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P-186 Using peripherally inserted central catheters (PICC) to promote the philosophy of palliative care: ‘A PICC is a Gift’
  1. Kathryn Nattress,
  2. Colin Barrett and
  3. Anne Sutton
  1. St Margaret of Scotland Hospice, Clydebank, UK


Background Although Peripherally Inserted Central Catheters (PICCs) minimise procedure related pain and allow effective absorption of parenteral fluids and medications for patients when the oral route is no longer feasible, there is limited empirical data regarding their efficacy, safety and patient satisfaction in palliative care. A systematic literature review was undertaken on the role of PICCs in palliative care utilising GRADE (Grading of Recommendations, Assessment, Development and Evaluation) criteria. The level of evidence was MODERATE. This emerging literature suggests minimal pain and distress on insertion, limited complications and a favourable impact on quality of life.

Our patients Over a 12 month period, 24 patients underwent PICC insertion, 83% were women, 92% had solid tumours and the average age was 70 (range 36–94). 899 PICC days were monitored, the average number of days of placement was 37 (range 1–250). The indications for PICCs were hydration (92%), medication administration (92%) and blood sampling (88%). PICCS were inserted for all three indications in 19 (79%) patients. Three PICCs required replacement and one required removal. Only one of these was in relation to infection. This was an unconfirmed line infection and was on the advice of microbiology. The limited complications identified are likely due to all procedures being performed by the nurse-led Vascular Access Team, under aseptic conditions, utilising ultrasound and intracavitary ECG guidance and meticulous aftercare.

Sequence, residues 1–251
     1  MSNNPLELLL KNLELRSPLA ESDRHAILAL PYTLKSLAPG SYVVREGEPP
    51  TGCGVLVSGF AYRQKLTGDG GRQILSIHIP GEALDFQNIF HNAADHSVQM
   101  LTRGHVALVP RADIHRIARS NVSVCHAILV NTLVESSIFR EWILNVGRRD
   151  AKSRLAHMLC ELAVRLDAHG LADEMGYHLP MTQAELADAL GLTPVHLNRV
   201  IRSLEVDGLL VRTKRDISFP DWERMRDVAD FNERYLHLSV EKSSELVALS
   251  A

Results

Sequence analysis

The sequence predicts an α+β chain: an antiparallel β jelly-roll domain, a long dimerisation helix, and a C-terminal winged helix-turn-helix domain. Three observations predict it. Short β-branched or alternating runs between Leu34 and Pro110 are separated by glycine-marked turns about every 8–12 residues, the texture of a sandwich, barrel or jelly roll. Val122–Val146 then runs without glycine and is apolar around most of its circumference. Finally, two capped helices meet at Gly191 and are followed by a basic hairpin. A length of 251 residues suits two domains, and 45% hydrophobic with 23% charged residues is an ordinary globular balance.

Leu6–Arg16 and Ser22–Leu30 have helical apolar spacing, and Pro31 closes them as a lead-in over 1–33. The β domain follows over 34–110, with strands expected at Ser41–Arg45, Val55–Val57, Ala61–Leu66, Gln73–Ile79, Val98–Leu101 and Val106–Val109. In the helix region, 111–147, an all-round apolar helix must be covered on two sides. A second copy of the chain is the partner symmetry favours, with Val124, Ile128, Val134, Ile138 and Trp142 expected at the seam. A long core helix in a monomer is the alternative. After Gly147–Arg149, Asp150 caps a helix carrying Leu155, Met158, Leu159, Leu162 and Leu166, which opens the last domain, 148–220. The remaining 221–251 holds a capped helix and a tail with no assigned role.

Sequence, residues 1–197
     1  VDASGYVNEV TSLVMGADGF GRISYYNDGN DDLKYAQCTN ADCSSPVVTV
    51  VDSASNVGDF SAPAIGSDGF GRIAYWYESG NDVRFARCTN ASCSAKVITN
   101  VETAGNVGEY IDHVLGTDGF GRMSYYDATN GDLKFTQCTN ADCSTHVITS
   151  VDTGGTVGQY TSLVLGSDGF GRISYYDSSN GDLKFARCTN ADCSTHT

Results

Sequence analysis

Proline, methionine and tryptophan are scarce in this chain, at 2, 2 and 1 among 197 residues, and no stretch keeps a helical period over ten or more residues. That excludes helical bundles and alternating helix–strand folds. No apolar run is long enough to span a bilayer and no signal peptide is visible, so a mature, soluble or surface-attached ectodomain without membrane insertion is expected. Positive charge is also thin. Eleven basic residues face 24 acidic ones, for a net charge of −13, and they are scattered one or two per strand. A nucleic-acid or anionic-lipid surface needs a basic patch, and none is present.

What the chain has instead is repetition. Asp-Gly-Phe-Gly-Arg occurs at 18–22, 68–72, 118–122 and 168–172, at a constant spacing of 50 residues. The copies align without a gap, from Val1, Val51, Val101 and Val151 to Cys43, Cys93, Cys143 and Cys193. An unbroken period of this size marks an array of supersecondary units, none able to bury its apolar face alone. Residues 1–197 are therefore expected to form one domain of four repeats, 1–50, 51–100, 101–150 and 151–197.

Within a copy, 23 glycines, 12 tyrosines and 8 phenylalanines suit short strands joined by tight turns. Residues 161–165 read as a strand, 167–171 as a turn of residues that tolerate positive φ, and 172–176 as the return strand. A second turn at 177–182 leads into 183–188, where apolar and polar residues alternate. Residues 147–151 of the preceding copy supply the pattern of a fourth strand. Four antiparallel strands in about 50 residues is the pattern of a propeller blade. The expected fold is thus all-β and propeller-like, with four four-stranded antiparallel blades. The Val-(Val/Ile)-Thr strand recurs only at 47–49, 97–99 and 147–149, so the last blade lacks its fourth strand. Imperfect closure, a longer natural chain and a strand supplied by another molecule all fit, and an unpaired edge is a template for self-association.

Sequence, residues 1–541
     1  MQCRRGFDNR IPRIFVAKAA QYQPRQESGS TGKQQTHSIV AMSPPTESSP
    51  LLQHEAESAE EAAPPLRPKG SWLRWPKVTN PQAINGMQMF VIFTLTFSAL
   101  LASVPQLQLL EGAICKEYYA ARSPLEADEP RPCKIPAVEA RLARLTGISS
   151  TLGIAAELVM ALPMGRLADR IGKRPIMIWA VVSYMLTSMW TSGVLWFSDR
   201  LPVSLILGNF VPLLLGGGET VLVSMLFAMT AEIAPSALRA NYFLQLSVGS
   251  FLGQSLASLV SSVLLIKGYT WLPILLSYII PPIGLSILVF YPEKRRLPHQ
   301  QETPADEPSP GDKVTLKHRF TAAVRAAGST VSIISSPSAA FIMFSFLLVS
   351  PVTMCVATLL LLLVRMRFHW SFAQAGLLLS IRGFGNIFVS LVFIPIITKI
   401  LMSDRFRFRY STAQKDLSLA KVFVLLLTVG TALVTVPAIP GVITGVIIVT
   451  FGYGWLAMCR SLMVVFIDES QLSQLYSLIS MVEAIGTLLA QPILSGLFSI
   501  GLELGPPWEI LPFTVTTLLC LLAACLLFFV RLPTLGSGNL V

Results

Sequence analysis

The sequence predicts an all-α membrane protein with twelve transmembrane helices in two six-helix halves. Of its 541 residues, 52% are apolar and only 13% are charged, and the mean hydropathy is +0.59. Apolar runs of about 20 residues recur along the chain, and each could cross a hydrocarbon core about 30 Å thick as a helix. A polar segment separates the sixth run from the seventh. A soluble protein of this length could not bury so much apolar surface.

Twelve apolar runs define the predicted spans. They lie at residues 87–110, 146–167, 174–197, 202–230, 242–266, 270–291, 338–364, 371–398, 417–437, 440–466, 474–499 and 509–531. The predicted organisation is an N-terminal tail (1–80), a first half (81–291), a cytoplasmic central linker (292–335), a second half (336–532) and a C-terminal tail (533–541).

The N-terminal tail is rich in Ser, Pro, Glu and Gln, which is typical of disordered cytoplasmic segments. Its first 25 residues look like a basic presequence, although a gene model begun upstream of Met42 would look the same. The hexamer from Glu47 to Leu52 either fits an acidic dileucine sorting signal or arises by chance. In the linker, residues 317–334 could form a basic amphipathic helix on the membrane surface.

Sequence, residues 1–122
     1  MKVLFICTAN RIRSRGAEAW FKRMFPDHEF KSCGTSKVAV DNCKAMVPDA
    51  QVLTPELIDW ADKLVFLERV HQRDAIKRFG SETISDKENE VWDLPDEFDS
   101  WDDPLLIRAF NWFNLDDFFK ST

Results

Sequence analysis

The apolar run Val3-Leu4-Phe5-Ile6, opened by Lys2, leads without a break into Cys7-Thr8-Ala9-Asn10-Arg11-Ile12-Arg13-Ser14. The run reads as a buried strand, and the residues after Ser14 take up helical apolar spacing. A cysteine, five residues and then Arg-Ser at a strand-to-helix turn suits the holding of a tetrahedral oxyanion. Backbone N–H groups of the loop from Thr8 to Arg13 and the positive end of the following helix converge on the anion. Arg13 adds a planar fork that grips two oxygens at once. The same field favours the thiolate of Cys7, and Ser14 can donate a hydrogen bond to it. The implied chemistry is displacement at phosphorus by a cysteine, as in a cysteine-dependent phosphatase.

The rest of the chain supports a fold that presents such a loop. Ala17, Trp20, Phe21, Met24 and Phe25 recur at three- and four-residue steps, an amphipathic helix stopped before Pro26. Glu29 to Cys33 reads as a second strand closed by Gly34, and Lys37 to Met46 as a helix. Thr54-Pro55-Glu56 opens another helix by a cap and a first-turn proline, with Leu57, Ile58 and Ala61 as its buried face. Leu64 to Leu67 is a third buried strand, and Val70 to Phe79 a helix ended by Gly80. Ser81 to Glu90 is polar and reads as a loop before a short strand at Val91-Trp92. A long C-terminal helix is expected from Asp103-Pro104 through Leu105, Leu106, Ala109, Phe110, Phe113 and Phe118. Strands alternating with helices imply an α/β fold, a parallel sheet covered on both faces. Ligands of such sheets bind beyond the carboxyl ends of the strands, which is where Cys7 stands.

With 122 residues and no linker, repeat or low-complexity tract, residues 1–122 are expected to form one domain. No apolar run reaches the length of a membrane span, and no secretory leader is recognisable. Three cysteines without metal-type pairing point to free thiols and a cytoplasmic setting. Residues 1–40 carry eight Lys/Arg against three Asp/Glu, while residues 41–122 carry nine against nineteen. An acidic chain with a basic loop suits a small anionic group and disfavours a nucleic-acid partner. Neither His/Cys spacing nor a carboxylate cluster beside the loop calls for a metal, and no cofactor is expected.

The benefits PICCs are synergistic with the philosophy of palliative care. A philosophy, which supports all symptoms to be managed, prevents new symptoms from arising and promotes opportunities for meaningful and valuable experiences. Administration of IV medication and blood products has facilitated the treatment of anaemia, infection, hypercalcaemia, refeeding syndrome and raised intracranial pressure whilst identification of anomalies in blood results supports clinical decision-making. Feedback from patients, families and staff has been overwhelmingly positive. In the words of the patient with the longest placement, a PICC is ‘convenient and clean’.

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